The bigger they are, the harder they fall… plus they’re likely to move a lot slower too
Large name brands face a dilemma, the bigger they become the harder it is to protect their brands, gone is the time when they simply bought every URL iteration of their name to protect themselves online. With the advent of Web 2.0 & social networking, intrinsically built around two way communication, a whole new range of problems has opened up for the “brand police”, plus, with the speed of their development, they’re having a hard time keeping up… so how do they protect their brands?
ExxonMobil had a rude awaking recently when a new profile named Janet identified herself as ExxonMobilCorp on Twitter. Janet proceeded to discuss the corporate affairs of ExxonMobil and had a following of over 300 users. Often Brand-Jacking is carried out by someone with monetary gain in mind or with a grudge against the brand they’re jacking. Thankfully for ExxonMobil, Janet appeared to be a loyal employee, trying to represent them as best she could, or was she? Her identity & goal is still unknown at present, if she was an employee trying her best, then ExxonMobil were lucky, but if she were someone that was subtly giving misinformation about ExxonMobil and it’s policies then the Brand-Jacking may have had a far more damaging effect had it gone unnoticed.
Another case to hit the headlines recently was when artist Nadia Piesner created an image of a starving child holding a small dog in one hand with an Louis Vuitton bag hung over the other. This was her take on how the media glorifies the likes of Paris Hilton with massive coverage & air time, while the starving of Darfur hardly get a mention. LV were not best pleased, they immediately sent a Cease & Desist letter to the artist, to which she returned a letter stating, that this would be a violation of her right to free speech & her artwork was not a direct attack on LV or infringed their identity, to which LV returned a lawsuit claiming $20,000 a day damages. Whether LV’s course of action was correct or not is up for debate, but this case highlights the seriousness of brand-jacking and it’s impact on the business.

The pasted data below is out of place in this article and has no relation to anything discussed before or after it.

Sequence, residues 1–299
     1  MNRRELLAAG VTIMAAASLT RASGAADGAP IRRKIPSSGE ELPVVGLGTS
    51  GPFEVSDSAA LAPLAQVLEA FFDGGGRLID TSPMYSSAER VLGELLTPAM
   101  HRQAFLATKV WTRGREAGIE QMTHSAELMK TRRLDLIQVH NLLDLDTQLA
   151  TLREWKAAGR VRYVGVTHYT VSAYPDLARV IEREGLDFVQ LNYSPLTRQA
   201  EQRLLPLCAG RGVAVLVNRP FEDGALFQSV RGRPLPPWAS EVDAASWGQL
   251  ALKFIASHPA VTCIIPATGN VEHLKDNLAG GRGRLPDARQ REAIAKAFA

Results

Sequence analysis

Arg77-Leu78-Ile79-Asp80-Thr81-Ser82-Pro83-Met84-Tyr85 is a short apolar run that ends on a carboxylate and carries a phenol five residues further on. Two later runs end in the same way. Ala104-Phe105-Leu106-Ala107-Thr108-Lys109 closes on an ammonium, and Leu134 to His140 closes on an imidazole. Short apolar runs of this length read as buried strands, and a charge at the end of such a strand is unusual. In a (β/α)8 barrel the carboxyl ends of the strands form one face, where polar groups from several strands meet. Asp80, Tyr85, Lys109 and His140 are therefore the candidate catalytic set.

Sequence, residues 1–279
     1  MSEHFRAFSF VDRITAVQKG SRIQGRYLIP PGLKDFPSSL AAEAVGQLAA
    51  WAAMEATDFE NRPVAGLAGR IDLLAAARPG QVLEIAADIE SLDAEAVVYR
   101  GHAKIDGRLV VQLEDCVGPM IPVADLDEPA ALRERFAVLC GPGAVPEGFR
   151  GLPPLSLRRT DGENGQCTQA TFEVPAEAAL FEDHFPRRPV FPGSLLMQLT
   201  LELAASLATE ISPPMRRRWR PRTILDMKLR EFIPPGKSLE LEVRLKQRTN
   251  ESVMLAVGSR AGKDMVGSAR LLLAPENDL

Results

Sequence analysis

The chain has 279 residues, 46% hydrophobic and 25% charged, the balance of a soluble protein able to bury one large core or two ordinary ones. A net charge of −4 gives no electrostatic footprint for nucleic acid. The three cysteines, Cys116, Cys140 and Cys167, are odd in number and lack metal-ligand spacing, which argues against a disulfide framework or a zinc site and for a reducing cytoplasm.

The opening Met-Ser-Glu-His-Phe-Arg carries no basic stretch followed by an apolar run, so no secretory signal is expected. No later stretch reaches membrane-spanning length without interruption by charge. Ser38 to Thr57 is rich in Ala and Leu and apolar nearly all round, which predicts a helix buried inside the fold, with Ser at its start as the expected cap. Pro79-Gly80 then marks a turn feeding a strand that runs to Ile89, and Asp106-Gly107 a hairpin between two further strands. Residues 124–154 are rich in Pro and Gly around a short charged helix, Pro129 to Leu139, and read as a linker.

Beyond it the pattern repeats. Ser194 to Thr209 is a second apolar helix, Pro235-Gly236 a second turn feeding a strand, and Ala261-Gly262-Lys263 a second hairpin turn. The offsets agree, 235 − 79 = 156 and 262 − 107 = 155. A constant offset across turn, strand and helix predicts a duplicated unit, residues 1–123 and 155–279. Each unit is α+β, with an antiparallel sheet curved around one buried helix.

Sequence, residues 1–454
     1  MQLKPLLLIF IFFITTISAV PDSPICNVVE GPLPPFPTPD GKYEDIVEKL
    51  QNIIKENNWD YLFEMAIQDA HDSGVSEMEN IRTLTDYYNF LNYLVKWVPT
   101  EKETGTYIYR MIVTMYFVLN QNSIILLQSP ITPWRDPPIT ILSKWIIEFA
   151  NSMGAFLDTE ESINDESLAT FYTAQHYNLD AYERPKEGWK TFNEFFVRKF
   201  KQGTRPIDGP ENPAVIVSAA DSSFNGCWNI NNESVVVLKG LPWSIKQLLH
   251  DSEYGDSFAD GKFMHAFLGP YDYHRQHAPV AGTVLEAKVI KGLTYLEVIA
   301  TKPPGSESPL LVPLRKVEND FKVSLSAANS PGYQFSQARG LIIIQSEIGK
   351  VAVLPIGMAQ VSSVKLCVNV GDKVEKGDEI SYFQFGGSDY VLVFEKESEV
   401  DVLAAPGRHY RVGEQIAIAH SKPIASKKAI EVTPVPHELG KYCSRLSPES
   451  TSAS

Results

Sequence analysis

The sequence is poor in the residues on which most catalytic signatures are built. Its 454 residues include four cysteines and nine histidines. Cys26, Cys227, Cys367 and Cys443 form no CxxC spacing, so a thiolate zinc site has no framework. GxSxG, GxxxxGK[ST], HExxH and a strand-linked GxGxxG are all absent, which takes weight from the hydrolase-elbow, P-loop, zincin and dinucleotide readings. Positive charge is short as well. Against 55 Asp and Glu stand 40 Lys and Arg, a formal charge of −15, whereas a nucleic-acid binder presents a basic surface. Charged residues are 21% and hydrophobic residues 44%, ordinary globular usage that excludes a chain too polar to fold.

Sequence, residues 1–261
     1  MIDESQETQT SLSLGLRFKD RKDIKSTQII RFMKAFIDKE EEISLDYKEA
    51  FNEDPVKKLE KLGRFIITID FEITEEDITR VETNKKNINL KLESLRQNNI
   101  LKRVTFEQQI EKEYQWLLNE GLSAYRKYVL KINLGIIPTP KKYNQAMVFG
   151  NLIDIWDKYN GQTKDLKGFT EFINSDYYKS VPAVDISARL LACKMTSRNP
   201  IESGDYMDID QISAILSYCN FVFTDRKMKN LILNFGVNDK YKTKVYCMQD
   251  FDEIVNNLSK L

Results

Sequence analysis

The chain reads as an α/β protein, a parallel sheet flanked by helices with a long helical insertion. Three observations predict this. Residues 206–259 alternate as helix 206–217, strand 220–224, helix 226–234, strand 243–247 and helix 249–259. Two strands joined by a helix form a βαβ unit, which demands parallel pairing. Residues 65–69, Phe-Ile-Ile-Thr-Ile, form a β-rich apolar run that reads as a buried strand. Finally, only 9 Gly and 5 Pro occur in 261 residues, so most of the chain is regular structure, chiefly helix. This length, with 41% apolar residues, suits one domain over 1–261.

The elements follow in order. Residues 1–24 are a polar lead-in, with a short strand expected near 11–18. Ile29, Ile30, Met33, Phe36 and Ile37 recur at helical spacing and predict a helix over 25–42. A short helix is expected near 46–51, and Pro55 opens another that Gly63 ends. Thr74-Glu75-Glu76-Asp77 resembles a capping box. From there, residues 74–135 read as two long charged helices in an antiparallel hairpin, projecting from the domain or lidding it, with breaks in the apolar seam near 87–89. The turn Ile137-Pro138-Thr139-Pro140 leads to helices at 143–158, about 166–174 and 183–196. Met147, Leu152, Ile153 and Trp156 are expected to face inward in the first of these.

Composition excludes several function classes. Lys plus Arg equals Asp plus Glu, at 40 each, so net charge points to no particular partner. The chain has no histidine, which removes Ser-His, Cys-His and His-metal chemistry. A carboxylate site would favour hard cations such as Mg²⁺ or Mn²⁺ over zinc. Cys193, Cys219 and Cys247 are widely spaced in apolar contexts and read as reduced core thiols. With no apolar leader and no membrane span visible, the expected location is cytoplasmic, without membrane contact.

Another form of Brand-Jacking is linked with “phishing”, were the user is duped into thinking the message or communication is official. Spam is an obvious method, but more & more social networks are becoming targets. As explained in this Wired posting, Facebook users were duped into entering their details into a fake website. OK you think, so they can see my photos and my friends photos, no biggie, but as the post highlights, many users use the same log in & passwords for social networking sites as they do to access their bank accounts. Those that use different log in details shouldn’t be complacent though, as once the hackers compromise the facebook account, they can install Trojan Horses that track key strokes and thus bank & credit card details.
So Brand-Jacking doesn’t just steal the identity of the company & it’s brand, it can steal our identities too.
UPDATE: 9 Dec 2008
A new phishing virus named Koobface has been playing havoc on Facebook, more details here.
For further information:
Save Darfur Campaign